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Manuel Zimmer

One of the prime goals pursued by current neuroscientists is to gain a comprehensive understanding of how networks of neurons operate as a single brain to produce sensations, thoughts, and behaviour. This is a challenging endeavour because of the sheer complexity of mammalian nervous systems. To address this problem, we study at our lab the nematode C. elegans which is equipped with a simple and anatomically well-defined nervous system of just 302 neurons. Specifically, we combine worm genetics, quantitative behavioural assays, novel functional imaging techniques, and theoretical modelling to elucidate the neural circuits that control locomotion and chemosensory behaviours.

The neural basis of behaviour

Brain-wide calcium imaging in C. elegans

Figure 1: WF-TeFo imaging of the head region of a worm with pan-neuronal NLS-GCaMP5K expression. (A) Maximum intensity projection of 14 z-planes. Dashed lines outline the locations of head ganglia as shown in (D). Scale bar represents 10 μm. Arrows indicate the positions of y-z and x-z cross-sections shown in (B) and (C), respectively. (D) Schematic diagram of the left anterior head ganglia for comparison with (A).

A better understanding of how neural circuits in the brain process information and generate behaviour requires detailed knowledge of both anatomical neuronal wiring, as well as the dynamic rules governing the activity of neurons and their connections. The complete connectome of the C. elegans nervous system was reported more than 25 years ago. However, this has not been sufficient to explain how behaviours arise. The major impediment is the dense interconnectedness of neurons, with the consequence that there are no obvious anatomically identifiable pathways from sensory input down to motor output.

These and other findings in different animals led to the current view among neuroscientists that many sensory functions and behavioural states of animals are represented in a flexible and distributed fashion across neuronal networks. The current challenge in systems neuroscience is to identify the nature of, and decipher the mechanisms responsible for, the computations and algorithms that are performed by these neural networks.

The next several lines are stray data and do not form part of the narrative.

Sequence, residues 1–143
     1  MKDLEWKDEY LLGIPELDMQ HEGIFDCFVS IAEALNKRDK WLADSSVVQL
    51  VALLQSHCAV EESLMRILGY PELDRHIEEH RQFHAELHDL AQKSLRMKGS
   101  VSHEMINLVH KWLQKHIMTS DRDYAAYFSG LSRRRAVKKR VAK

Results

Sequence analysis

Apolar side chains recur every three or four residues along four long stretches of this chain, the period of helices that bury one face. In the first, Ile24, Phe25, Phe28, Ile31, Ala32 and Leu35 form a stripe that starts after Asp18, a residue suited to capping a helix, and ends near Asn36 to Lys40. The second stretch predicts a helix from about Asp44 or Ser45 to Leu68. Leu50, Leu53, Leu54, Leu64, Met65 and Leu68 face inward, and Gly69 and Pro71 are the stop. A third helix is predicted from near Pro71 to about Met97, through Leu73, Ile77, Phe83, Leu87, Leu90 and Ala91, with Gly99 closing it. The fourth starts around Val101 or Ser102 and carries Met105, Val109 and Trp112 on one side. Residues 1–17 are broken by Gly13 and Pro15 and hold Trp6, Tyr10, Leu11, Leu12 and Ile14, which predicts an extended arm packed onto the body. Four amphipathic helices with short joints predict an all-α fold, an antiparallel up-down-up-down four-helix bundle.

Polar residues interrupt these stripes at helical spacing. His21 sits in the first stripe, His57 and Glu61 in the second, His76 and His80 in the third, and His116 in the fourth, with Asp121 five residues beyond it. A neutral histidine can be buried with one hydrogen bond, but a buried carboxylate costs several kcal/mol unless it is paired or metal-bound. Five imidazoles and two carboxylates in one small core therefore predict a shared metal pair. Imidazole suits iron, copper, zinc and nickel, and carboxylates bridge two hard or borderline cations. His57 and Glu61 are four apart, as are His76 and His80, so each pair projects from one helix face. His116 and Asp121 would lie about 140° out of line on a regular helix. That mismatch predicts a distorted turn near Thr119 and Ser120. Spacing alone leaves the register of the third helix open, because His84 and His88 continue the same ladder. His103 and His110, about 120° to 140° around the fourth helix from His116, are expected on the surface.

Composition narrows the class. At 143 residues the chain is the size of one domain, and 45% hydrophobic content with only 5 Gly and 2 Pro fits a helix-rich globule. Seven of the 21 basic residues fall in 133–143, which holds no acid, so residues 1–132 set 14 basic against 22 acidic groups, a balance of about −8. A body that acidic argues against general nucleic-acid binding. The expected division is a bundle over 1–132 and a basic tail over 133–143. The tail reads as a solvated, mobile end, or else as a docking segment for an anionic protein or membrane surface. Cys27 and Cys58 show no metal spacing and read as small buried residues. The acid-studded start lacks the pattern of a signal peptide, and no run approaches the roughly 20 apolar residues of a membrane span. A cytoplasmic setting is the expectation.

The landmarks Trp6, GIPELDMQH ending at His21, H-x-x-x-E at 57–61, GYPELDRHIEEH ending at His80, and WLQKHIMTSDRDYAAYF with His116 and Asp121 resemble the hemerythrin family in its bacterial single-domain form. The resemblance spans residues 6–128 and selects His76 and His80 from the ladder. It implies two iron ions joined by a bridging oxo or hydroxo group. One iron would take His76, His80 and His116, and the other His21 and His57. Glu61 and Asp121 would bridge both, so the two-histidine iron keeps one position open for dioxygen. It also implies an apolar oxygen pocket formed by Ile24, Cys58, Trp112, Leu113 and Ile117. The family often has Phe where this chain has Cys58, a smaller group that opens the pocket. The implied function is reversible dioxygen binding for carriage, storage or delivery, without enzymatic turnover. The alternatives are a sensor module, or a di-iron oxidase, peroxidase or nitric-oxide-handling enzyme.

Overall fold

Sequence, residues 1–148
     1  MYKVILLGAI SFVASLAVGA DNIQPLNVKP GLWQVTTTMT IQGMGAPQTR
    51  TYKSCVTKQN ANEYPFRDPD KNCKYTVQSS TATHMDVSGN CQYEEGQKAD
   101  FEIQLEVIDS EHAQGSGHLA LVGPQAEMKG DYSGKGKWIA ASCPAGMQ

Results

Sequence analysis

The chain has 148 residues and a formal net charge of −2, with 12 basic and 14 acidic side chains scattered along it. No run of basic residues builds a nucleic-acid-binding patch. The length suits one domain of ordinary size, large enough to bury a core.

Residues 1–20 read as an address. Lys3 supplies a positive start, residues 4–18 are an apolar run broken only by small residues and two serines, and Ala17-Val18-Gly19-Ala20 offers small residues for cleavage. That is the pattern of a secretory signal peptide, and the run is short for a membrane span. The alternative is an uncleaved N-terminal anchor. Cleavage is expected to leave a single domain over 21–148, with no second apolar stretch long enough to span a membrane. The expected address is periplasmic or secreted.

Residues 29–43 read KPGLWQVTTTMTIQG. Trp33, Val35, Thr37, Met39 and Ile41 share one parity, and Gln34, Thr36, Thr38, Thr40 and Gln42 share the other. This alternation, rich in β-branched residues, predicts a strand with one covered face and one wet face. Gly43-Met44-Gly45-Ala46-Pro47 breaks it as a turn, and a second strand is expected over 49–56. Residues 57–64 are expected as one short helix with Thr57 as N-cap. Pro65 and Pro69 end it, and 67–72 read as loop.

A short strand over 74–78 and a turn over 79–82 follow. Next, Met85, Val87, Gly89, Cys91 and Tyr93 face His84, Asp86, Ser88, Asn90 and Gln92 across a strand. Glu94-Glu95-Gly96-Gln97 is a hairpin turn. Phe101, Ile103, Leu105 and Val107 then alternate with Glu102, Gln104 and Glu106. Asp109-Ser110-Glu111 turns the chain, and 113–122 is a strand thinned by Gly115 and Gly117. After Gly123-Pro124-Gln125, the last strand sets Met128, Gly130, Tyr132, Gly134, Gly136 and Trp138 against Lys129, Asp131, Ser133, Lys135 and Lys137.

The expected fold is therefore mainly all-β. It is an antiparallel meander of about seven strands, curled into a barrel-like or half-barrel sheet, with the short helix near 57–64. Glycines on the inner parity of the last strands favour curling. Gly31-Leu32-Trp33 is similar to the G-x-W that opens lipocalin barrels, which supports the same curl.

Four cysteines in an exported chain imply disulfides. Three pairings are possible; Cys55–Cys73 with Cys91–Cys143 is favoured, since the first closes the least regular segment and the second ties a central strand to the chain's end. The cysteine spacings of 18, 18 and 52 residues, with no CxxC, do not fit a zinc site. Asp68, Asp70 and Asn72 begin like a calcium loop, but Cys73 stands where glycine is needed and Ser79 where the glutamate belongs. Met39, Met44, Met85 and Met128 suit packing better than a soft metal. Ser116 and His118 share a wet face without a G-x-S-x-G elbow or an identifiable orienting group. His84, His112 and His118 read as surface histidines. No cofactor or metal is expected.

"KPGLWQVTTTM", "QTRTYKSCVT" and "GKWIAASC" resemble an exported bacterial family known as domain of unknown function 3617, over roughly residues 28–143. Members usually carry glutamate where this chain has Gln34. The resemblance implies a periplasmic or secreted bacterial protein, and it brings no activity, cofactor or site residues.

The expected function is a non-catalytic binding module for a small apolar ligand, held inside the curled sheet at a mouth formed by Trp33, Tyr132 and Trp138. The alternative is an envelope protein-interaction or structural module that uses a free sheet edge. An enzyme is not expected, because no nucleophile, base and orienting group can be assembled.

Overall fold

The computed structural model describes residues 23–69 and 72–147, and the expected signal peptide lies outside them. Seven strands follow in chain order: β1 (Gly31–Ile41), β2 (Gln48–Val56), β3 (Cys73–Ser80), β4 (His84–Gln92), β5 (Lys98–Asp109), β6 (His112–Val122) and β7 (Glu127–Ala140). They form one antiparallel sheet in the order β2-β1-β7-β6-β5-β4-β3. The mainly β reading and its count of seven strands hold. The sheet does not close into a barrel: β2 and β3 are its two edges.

Figure 2: In vivo characterization of NLS-GCaMP5K. (A) Schematic diagram of NLS-GCaMP5K. (B-F) Calcium imaging of oxygen-sensing BAG neurons by epifluorescence microscopy. (B-C) NLS-GCaMP5K fluorescence in stimulated BAG neurons. (B) Baseline (21% oxygen) fluorescence levels. (C) Oxygen downshift evoked response in BAG. (D-E) Averaged calcium transients in BAG expressing cytoplasmic (D) or nuclear (E) G-GAMP5K, and quantification of mean peak responses (F). Scale bars represent 10 μm.

Research in C. elegans focuses largely on isolated neurons and small circuits. This is mainly because of technical limitations in electrophysiology and functional imaging: C. elegans neurons are small and densely packed into head and tail ganglia and are closely surrounded by neuropil, which makes them inaccessible to multi-electrode arrays and hard to track with image segmentation methods when pan-neuronally expressed genetically encoded calcium indicators are used.

To overcome these limitations, the Vaziri lab developed wide-field temporal focusing (WF-TeFo), a 2-photon excitation-based, high-resolution imaging technique which is capable of unbiased and fast volumetric imaging of neurons. In addition, we designed a novel genetically encoded calcium reporter which is localized to the cell nucleus (NLS-GCaMP5K). In combination, the approaches allowed unambiguous anatomical identification of neurons and their temporal calcium signals (Figure 1). We confirmed that NLS-GCaMP5K reliably reports neural activity by comparing nuclear with cytoplasmic calcium responses in oxygen-sensing neurons (Figure 2).